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Norway Confronts Oil Risk

Stockholm (NordSIP) – The Norwegian government recommended that Norges Bank Investment Management (NBIM) exclude oil exploration and production companies from its portfolio. The proposal aims to reduce the risk posed by volatility in oil prices to the Norwegian economy. Norges Bank first recommended such a divestment in November 2017.

The exclusion recommendation was published in the white paper “Energy Stocks in the Government Pension Fund Global”. “The objective is to reduce the vulnerability of our common wealth to a permanent oil price decline. Hence, it is more accurate to sell companies which explore and produce oil and gas, rather than selling a broadly diversified energy sector,” says the Minister of Finance, Siv Jensen.

NBIM is in charge of the Government Pension Fund Global (GPFG), which is funded by the Ministry of Finance from the Norwegian state’s petroleum revenues. According to NBIM’s annual report, the return on the GPFG in 2018 was the second-lowest since 1998. “The Government Pension Fund Global had a market value of NOK 8,256 billion at the end of 2018. The fund’s return before management costs was -6.1% measured in the fund’s currency basket. Equities returned -9.5%, bonds 0.6% and unlisted real estate 7.5 percent. Management costs amounted to 0.05% of the fund’s value.” The report added that “the fund’s equity allocation has increased over time and the return on equities is therefore now more important for the fund’s overall performance than in previous years.”

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According to the press release from the Norwegian government, the exclusion will apply to companies classified as exploration and production companies by the index provider FTSE Russell. This decision aims to reduce concentration risk for the Norwegian economy as a whole. The oil, gas and associated industries represent 63.8% of Norwegian exports, 16.9% of its total GDP, 23.2% of value added and 6% of employment, as of 2017-18. When US fracking dropped the price of crude oil from US$ 111 in June 2014 to US$ 35 in January 2016, Norway’s unemployment rate shot up from 3.5% to 5.1% and the government’s fiscal balance was very negatively affected.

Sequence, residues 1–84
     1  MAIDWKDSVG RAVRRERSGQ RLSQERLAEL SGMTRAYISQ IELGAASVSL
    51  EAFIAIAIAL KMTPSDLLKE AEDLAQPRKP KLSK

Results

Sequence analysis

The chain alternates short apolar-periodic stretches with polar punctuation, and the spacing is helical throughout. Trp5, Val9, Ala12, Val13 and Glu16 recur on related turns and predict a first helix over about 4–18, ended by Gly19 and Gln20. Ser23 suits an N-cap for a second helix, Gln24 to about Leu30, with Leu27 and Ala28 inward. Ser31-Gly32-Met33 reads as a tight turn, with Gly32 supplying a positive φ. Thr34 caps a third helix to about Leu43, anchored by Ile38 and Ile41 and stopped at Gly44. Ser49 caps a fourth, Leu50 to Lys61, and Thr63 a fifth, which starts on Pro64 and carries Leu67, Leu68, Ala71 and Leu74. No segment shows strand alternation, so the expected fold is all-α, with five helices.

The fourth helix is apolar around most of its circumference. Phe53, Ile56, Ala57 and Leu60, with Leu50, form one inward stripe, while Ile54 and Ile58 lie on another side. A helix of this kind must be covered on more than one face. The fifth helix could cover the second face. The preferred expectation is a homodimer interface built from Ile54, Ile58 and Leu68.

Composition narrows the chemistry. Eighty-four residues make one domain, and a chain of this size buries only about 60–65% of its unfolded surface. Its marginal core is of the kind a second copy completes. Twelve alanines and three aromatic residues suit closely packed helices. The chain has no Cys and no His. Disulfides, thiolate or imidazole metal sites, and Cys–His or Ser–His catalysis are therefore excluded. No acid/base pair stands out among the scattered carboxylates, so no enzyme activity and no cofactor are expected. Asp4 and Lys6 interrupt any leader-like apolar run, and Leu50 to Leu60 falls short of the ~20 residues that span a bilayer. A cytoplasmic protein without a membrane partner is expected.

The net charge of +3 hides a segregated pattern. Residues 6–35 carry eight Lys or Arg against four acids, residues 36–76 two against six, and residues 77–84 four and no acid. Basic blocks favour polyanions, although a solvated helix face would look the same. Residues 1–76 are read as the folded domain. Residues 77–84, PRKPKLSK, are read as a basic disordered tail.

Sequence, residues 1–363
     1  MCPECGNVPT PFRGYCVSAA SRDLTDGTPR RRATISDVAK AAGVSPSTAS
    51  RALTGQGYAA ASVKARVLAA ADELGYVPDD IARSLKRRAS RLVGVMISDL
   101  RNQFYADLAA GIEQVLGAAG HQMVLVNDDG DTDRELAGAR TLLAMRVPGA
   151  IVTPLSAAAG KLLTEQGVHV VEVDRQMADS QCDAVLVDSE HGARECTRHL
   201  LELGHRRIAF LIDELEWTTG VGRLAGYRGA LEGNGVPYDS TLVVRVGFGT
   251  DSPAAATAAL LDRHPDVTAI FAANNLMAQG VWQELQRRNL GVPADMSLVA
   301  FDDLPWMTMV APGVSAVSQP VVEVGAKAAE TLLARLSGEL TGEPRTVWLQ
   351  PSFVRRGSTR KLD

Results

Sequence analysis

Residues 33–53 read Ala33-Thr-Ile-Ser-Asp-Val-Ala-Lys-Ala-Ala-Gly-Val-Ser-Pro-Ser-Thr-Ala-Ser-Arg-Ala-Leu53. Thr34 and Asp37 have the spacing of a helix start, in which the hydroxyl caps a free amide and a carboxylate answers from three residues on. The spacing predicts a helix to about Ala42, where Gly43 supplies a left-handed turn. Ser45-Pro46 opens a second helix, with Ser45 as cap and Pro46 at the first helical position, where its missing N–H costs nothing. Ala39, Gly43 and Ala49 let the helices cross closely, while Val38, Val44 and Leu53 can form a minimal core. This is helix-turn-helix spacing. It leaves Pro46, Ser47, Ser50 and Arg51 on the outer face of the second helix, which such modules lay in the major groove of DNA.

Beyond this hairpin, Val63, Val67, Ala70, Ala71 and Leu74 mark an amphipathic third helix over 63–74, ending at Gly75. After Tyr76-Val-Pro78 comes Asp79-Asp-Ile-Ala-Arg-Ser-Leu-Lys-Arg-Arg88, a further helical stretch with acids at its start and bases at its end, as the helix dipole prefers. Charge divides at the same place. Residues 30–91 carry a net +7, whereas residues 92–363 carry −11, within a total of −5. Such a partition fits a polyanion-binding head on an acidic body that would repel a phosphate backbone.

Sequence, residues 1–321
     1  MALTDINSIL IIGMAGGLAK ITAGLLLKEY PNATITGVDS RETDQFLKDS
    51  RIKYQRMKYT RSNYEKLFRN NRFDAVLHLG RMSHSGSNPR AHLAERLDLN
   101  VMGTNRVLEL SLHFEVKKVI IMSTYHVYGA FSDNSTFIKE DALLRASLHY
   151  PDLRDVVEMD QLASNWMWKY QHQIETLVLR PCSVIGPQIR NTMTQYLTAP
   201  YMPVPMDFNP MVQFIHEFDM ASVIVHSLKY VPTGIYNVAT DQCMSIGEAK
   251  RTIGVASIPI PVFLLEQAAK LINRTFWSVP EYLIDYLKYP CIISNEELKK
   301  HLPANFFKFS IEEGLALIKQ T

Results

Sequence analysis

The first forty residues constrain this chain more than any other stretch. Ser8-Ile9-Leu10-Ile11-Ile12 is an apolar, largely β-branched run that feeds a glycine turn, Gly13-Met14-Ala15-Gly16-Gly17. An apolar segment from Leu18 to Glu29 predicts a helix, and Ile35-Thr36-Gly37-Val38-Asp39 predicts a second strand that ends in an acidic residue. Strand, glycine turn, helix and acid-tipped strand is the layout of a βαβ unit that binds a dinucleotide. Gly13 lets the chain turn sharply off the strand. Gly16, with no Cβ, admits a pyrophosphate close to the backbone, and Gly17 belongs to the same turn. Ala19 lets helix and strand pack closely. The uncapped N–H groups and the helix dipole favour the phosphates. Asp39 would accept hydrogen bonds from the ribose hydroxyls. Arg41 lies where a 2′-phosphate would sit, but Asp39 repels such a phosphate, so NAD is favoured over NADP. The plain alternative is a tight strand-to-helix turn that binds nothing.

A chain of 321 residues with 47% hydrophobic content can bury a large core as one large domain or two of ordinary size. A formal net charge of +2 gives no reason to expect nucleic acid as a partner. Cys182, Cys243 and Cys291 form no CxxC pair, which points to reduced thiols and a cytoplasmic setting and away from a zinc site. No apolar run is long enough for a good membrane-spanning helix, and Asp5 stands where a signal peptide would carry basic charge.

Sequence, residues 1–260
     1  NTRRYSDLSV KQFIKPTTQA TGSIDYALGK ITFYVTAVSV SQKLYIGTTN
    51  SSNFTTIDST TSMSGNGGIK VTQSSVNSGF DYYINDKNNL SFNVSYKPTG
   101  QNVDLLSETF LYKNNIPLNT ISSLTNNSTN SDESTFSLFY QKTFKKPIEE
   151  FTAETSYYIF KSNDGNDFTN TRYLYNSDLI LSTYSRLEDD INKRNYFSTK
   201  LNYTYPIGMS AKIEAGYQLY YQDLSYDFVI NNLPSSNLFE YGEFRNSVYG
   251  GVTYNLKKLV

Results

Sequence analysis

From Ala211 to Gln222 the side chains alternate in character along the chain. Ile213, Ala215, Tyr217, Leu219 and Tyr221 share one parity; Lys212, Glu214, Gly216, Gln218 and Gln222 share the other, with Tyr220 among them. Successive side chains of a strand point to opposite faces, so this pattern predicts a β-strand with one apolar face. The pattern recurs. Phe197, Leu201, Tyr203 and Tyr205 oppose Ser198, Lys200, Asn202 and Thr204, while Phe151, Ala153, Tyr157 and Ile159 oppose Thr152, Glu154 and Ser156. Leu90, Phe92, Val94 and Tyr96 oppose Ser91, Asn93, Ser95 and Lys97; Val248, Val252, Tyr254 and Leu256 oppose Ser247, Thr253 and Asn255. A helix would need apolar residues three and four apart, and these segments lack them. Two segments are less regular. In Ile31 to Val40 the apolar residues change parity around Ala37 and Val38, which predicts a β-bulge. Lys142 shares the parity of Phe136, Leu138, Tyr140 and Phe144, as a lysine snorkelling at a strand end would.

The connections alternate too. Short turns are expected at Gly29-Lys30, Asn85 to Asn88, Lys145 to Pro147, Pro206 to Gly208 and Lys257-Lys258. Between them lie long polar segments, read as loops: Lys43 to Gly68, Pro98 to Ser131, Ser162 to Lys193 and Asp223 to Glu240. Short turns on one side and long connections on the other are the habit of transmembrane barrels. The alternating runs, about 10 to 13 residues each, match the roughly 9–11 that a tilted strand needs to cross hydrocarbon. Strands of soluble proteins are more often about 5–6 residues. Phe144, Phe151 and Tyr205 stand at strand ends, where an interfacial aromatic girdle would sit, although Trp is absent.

This proposal ignores the August 2018 recommendation of an expert commission chaired by Professor Øystein Thøgersen, of the Norwegian School of Economics. The report to the Norwegian Parliament argued that “the energy stocks only contribute marginally to Norway’s oil price risk.”

The Ministry of Finance will ask Norges Bank to review its efforts relating to climate risk in the GPFG. The Government does not plan to sell shares in the State’s Direct Financial Interest (SDFI) or Equinor to reduce the state’s oil price risk.

“It is anticipated that almost all of the growth in listed renewable energy over the next decade will be driven by companies that do not have renewable energy as their main business. The Fund should be able to participate in this growth,” Jensen also stated.

Picture © Shutterstock

Filipe Wallin Albuquerque
Filipe Wallin Albuquerque
Filipe is an economist with 8 years of experience in macroeconomic and financial analysis for the Economist Intelligence Unit, the UN World Institute for Development Economic Research, the Stockholm School of Economics and the School of Oriental and African Studies. Filipe holds a MSc in European Political Economy from the LSE and a MSc in Economics from the University of London, where he currently is a PhD candidate.

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